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Is it wrong to use openssl to encrypt files?

0. (Only once) generate key pair id_rsa.pub.pem, id_rsa.pem

1. Generate random key

  openssl rand -base64 32 > key.bin
2. Encrypt key

  openssl rsautl -encrypt -inkey id_rsa.pub.pem -pubin -in key.bin -out key.bin.enc
3. Encrypt file using key

  openssl enc -aes-256-cbc -salt -in SECRET_FILE -out SECRET_FILE.enc -pass file:./key.bin
-- other side --

4. Decrypt key

  openssl rsautl -decrypt -inkey id_rsa.pem -in key.bin.enc -out key.bin 
5. Decrypt file

  openssl enc -d -aes-256-cbc -in SECRET_FILE.enc -out SECRET_FILE -pass file:./key.bin



from https://www.openssl.org/docs/man1.1.1/man1/openssl-enc.html

> The enc program does not support authenticated encryption modes like CCM and GCM, and will not support such modes in the future.

> For bulk encryption of data, whether using authenticated encryption modes or other modes, cms(1) is recommended, as it provides a standard data format and performs the needed key/iv/nonce management.

So don't use `openssl enc` to encrypt data.

`openssl cms` that is recommended above is S/MIME. Don't use S/MIME.

I can't wait for Filippo Valsorda's `age` to be done so I would have an answer to the question of "what should I use to encrypt a file?".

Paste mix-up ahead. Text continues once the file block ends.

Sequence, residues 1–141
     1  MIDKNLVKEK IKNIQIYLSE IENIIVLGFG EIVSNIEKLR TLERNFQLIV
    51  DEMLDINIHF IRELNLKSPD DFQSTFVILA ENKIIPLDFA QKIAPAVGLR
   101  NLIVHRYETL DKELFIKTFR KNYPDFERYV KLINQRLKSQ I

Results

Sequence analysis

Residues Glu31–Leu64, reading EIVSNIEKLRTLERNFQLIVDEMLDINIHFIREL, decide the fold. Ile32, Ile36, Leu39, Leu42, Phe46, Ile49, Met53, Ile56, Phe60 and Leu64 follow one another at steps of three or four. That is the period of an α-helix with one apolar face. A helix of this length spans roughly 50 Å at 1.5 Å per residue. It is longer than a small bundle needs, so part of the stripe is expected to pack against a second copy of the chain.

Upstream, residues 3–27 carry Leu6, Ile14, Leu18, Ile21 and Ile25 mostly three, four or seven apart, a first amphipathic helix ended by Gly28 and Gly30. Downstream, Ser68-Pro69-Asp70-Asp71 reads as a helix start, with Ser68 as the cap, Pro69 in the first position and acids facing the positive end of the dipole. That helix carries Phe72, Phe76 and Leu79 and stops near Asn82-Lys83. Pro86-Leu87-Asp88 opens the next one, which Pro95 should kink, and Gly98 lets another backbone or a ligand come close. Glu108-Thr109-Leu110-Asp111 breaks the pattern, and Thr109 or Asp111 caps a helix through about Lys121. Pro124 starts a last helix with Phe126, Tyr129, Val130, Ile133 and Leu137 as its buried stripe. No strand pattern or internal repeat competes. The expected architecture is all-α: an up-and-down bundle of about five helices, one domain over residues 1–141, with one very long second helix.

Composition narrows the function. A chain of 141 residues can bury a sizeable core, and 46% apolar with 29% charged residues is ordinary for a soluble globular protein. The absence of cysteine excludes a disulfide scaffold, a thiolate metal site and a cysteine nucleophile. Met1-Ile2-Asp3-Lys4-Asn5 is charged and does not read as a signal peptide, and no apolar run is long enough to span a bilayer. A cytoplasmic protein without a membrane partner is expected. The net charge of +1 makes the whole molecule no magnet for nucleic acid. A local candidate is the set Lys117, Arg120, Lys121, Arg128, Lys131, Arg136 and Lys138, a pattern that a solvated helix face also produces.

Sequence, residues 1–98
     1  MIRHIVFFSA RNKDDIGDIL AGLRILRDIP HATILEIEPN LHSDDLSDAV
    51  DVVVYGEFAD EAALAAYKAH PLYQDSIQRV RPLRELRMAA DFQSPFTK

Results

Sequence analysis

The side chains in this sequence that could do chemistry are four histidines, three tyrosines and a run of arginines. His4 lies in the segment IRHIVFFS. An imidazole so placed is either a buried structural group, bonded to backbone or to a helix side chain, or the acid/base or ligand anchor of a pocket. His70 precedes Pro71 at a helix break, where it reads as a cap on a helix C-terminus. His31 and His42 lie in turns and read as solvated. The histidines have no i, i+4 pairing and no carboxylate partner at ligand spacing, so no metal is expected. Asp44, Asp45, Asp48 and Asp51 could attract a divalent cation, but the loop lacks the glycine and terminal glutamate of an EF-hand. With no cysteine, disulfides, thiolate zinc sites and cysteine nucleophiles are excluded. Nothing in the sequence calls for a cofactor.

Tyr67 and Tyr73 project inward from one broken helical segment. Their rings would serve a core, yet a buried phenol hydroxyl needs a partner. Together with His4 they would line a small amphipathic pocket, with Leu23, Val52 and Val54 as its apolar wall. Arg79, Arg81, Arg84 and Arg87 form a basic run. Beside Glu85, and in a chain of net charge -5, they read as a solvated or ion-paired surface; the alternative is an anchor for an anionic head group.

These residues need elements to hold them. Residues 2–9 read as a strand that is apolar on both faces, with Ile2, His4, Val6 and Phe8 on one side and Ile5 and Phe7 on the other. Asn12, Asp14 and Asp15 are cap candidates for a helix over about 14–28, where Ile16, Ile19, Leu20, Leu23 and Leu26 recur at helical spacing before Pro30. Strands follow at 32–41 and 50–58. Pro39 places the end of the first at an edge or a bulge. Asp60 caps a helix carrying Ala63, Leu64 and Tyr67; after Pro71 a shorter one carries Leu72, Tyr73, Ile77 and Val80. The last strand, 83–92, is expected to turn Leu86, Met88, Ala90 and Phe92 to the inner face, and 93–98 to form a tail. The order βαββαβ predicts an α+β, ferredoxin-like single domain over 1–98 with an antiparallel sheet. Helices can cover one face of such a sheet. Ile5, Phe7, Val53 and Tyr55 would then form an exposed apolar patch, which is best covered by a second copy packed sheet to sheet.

`enc` doesn't support and will never support _any_ authenticated ciphers. Consider it a red flag when you see it in the future.

https://github.com/openssl/openssl/commit/c03ca3dd090c6eb739...


To start with, none of that encryption is authenticated.


So if I understand you correctly (Noob here), Alice would need to sign the pair (key.enc, file.enc) to authenticate that those files originated from her.

Without that, Bob could potentially receive any pair of (key,file), which would just decrypt into garbage data.

BTW, variations on that sequence appear all over the internet when searching for "openssl encrypt file with public key"...


This is one of the problems with cryptography: with a little knowledge, you can end up making yourself completely insecure while believing yourself to be very secure.

People generally imagine that "encrypt this block of data" is a simple primitive that does everything you want it to. But naive encryption doesn't work like that. In the worst case, where you use ECB for the block cipher [1], you end up with the ECB penguin: https://blog.filippo.io/the-ecb-penguin/. Your secure crypto becomes a pretty trivial Caesar cipher, just on a larger alphabet. Other modes (such as the CBC mode you used) aren't so bad, but if you have some hint of the structure of the underlying data, you can start perturbing the ciphertext to manipulate the encrypted data.

The modern solution to that problem is "authenticated encryption," which means that you add in an additional guarantee that the ciphertext hasn't been tampered with. Even then, there is still room for doing things incorrectly (padding is a real pain!).

[1] This is so bad it shouldn't ever be an option in any tool.


[1] This is so bad it shouldn't ever be an option in any tool.

And yet it's effectively the default.


No, the problem is that the AES encryption step uses bare AES-CBC. An attacker can flip bits in the ciphertext to make targeted changes to the plaintext. What you want is an authenticated encryption mode, but I don't know that the OpenSSL cli supports any of them.




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